Please Advise! Burgess Advocates for a 'Friendlier' Anthem

Canada's song too gendered? Steve's got a waaaaay better version in mind.

By Steve Burgess 3 Oct 2013 | TheTyee.ca

Steve Burgess writes about politics and culture for The Tyee. Read his previous articles here.

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Is that a clean-shaven Tom Mulcair on lute?

[Editor's note: Steve Burgess is an accredited spin doctor with a Ph.D in Centrifugal Rhetoric from the University of SASE, situated on the lovely campus of PO Box 7650, Cayman Islands. In this space he dispenses PR advice to the rich and famous, the troubled and well-heeled, the wealthy and gullible.]

Dear Dr. Steve,

Restore Our Anthem is a group of prominent Canadian women who seek to change the words of the national anthem. In 1913 the original English lyrics of "O Canada," penned by Judge Robert Stanley Weir, were changed from "thou dost in us command" to "in all thy sons command." We wish to change the line to "in all of us command," thus restoring the inclusive nature of "O Canada," and making it once again a song that includes all Canadians.

Will you join our campaign?



Dear ROA,

Well, I'm not so sure. Once you start messing with the lyrics where does it stop?

When Quebec Premier Pauline Marois finds out we're tinkering with "O Canada," she'll want to change the French lyrics for sure. And when I think about all the time I spent in grade six memorizing the French version so perfectly:

Donny swatted two, laid Pompei, hey you! You say par-tay Dex, wha!

Chokes me up with multilingual patriotism every time.

Knowing Marois she'd probably want to make some additions to the English version too:

We have not signed le Charter yet; So take that turban off your tete.

And if we are going to change All thy sons command, what's wrong with reverting to the original: Thou dost in us command? "Dost" is a great and now-underused word. Words like "dost" and "durst" make everything sound deeper and more poetic. Witness my recent composition:

O Cruel Seasons! Why Dost Thou Torment Me So?

Good salesclerk, listen if thou durst;
This brand of underwear is worst;
A new pair bringeth, wouldst thou dost;
My buttocks feel like permafrost.

But I offer another proposal. Rather than mess around with the imperfect "O Canada," why not just replace it? We could start over with a different song entirely. I have the perfect candidate -- an anthem that will bring a tear to every eye and a warm patriotic glow to every heart. Our national anthem should be The Friendly Giant theme.

It's us, Canada

Airing on CBC from 1958 to 1985, The Friendly Giant starred Bob Homme as Friendly and Rod Coneybeare as the voice of Jerome the Giraffe and Rusty the Rooster. The gentle opening and closing theme played on harp and recorder (with Homme on recorder) was the old English folk melody Early One Morning. It's a song that was burned into the psyche of a generation. As an anthem it would be an ideal representation of Canadian values.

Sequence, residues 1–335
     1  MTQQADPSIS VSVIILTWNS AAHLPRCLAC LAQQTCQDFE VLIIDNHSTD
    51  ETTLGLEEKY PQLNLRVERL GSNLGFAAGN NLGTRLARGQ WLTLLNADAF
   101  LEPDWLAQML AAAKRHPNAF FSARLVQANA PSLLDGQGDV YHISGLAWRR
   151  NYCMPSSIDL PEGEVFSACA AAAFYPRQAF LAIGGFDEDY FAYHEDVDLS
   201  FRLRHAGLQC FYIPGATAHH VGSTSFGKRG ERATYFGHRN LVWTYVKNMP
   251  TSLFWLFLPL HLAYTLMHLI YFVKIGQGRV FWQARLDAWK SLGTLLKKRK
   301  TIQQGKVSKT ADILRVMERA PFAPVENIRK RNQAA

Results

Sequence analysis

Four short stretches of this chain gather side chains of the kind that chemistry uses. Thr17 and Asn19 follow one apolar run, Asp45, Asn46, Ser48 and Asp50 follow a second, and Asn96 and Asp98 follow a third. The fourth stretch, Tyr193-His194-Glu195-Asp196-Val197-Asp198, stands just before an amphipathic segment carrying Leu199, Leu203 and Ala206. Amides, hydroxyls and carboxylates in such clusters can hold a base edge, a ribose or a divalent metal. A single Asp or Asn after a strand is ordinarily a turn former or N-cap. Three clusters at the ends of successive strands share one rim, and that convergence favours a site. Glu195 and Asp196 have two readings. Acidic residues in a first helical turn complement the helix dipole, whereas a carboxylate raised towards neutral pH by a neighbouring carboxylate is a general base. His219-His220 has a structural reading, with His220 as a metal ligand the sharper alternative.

The Friendly Giant: that's us, Canada. One little chair for one of you, a bigger chair for two more (of any gender) to curl up in, and even a rocking chair for Trooper fans, who love to rock.

It's true that Friendly lived in a bygone era, less fractured than our own. Today there are those who would look at his castle and declare the giant to be a one percenter. Marxist theory would say the giant loomed above the poor residents of the town who might at any moment be crushed under the economic weight of his huge metaphorical boot. But people understood that Friendly wasn't a capitalist robber baron, nor an ivory tower kind of guy. He was just large. The castle was all about leg room.

Various old lyrics for the folk song "Early One Morning" have racy connotations about poor dishonoured maids seduced and abandoned: Oh, don't deceive me / Oh, never leave me / How could you use / A poor maiden so? Read another way, it sounds like a plea for political parties to live up to their campaign promises -- and refrain from either proroguing Parliament or triggering some disastrous government shutdown.

But we don't really need those old folk song lyrics. Most Canadians have never heard them anyway. At sporting events we would simply stand and hum along, bilingually. And although the giant's familiar welcome to his guests is not technically part of the theme song, we would nonetheless turn to our neighbours and offer to let the drawbridge down. We'd welcome them into our homes with a nice chair for one, a bigger chair for two more to curl up in, and a rocking chair in the middle. We'd look up -- waaaaay up -- to the red-and-white Maple Leaf. Then the puck would drop and the hockey game begin. Aside from the other benefits of our new anthem, I'm willing to bet fighting during NHL games would be way down.

Think it over. It's either that or "Running Back to Saskatoon" by the Guess Who. You'd have to love an anthem that plugs Moose Jaw, Moosomin, and Medicine Hat.  [Tyee]

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